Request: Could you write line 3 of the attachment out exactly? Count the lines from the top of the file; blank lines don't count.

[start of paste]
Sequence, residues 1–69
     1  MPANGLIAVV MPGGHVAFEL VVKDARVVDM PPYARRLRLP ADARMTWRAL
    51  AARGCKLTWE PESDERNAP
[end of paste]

    51  AARGCKLTWE PESDERNAP